Use this URL to cite or link to this record in EThOS: https://ethos.bl.uk/OrderDetails.do?uin=uk.bl.ethos.743974
Title: Factors influencing pre-hospital decisions not to convey : a mixed methods study
Author: Black, Sarah Louise
ISNI:       0000 0004 7231 5415
Awarding Body: University of Exeter
Current Institution: University of Exeter
Date of Award: 2017
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Abstract:
This study has used a mixed methodology to explore the impact of geographic, temporal and ambulance crew skill factors on ambulance clinicians’ decisions to leave a patient on scene after attending a 999 call. Four phases of work were undertaken using both qualitative and quantitative methods to build an understanding of the complex nature of pre-hospital clinical reasoning. A novel scale, the DMASC survey was developed, which indicated four factors influence decision-making in this context. More experienced staff scored significantly differently to other staff groups on the ‘Experience’ and ‘Patient characteristic’ subscales of the tool. Qualitative work explored these findings in more detail and five inter-related themes were identified, namely, ‘Communication’, ‘The three ‘E’s’, education, experience and exposure’, ‘System influences’, ‘Professionalism’ and ‘Patient characteristics’. The final phase of the study undertook to analyse retrospective call data from one large ambulance service over a one-year period. All of the five predictor variables, rurality, time of day, day of the week, patient condition and crew skill level, influenced the likelihood of conveyance. Of these the level of clinical skill of the first crew at scene was independently significant. The results of this work are discussed in relation to the strategic and operational context of NHS ambulance services. The thesis is structured as a series of papers yet to be submitted for publication. Although this confers a degree of repetition, it provides a logical analysis of the methods used to explore factors that may influence paramedic’s clinical decision making when deciding to leave patients at home following a 999-call attendance.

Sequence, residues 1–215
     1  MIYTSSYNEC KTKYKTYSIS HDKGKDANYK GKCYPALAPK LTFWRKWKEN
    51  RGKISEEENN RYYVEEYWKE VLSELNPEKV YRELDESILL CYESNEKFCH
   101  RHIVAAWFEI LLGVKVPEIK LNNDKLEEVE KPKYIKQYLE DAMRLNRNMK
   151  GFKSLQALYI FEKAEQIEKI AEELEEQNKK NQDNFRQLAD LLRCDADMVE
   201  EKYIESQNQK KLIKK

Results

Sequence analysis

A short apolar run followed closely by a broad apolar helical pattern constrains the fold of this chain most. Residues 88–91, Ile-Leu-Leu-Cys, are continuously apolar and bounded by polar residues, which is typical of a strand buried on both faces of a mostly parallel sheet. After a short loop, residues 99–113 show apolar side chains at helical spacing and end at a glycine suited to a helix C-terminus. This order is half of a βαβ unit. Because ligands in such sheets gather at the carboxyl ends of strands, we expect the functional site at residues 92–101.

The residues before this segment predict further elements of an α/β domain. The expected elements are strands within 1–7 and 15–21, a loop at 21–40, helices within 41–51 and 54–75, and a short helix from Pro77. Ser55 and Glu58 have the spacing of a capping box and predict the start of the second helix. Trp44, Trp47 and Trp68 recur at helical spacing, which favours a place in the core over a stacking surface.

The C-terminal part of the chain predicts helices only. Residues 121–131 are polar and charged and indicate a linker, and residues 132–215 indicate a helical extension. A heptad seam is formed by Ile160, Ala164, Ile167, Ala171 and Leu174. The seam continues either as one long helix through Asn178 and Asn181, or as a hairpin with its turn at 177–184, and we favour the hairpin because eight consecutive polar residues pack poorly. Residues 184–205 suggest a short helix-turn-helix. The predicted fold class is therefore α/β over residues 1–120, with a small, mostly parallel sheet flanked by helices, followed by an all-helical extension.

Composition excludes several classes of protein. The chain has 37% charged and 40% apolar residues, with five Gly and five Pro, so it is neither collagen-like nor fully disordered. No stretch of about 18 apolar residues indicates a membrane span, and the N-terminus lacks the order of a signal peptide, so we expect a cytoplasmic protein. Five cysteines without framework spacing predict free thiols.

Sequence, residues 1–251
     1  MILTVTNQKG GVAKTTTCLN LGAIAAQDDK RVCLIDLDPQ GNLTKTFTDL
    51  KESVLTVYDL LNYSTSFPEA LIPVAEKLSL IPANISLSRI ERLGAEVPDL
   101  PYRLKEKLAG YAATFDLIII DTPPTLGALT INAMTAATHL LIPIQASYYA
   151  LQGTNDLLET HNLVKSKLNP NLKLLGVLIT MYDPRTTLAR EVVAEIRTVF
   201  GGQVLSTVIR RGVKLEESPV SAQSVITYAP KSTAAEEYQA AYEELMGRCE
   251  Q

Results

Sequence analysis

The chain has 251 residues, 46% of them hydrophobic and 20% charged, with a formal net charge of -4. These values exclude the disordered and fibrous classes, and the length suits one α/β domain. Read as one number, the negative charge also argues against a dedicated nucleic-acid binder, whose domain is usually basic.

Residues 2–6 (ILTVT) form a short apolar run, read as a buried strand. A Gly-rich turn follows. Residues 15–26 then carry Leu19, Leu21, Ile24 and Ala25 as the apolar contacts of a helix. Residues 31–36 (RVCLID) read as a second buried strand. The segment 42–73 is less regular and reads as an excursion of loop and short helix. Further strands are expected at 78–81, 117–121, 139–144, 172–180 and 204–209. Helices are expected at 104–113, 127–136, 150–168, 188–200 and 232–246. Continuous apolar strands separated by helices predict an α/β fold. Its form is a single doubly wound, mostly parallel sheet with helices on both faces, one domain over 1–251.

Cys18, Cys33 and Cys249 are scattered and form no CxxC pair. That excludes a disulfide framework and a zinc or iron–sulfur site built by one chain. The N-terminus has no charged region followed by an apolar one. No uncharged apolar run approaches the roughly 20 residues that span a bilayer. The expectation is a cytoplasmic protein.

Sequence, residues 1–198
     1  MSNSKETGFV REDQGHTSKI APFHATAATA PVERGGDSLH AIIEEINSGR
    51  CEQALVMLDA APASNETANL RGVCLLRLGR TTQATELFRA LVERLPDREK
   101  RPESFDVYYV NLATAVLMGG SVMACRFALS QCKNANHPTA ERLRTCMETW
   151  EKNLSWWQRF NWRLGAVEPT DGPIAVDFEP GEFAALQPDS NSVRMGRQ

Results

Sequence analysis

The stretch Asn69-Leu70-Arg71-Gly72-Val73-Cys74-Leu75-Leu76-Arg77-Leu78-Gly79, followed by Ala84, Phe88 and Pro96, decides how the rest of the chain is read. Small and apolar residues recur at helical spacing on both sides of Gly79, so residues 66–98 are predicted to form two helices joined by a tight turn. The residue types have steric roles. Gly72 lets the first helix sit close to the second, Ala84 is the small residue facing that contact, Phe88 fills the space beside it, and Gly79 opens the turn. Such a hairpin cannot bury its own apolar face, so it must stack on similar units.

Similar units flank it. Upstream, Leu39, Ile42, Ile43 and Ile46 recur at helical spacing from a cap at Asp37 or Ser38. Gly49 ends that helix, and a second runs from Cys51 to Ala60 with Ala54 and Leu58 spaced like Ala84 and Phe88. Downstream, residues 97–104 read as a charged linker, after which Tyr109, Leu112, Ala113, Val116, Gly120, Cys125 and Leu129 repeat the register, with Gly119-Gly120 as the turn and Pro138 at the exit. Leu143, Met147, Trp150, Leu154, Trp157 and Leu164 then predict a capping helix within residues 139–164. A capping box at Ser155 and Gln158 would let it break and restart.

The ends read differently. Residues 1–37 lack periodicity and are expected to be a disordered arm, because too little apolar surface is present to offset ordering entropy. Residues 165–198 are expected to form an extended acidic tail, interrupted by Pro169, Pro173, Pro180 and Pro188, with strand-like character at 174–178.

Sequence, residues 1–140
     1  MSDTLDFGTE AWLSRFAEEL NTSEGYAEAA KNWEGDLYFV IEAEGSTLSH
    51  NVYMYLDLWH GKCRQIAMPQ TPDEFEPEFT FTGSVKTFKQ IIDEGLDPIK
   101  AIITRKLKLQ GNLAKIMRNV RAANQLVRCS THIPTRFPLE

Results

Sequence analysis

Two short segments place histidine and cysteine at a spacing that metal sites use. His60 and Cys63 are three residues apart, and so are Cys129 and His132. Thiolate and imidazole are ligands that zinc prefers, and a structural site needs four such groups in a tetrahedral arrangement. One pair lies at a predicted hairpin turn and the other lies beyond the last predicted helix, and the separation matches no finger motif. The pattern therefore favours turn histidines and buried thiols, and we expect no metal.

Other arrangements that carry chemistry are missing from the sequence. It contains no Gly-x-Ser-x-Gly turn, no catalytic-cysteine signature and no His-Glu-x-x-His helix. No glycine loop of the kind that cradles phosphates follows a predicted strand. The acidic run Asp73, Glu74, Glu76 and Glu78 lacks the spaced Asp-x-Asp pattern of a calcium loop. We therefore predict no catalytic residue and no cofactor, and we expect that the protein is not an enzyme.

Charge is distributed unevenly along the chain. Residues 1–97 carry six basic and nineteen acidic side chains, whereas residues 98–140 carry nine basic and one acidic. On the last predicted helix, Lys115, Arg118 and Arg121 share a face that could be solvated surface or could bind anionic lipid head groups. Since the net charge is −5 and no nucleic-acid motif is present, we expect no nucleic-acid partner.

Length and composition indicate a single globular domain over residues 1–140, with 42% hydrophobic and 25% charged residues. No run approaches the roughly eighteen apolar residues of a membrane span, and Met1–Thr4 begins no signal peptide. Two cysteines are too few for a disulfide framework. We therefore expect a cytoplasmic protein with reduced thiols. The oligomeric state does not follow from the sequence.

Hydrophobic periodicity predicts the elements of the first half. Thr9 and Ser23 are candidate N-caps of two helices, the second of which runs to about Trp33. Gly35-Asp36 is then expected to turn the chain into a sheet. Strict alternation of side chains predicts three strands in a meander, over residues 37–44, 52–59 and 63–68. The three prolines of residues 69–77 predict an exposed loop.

Supervisor: Frampton, Ian Sponsor: Not available
Qualification Name: Thesis (D.Clin.Res.) Qualification Level: Doctoral
EThOS ID: uk.bl.ethos.743974  DOI: Not available
Keywords: Emergency Medical Services ; Ambulance ; Paramedic ; Decision making ; Non-conveyance
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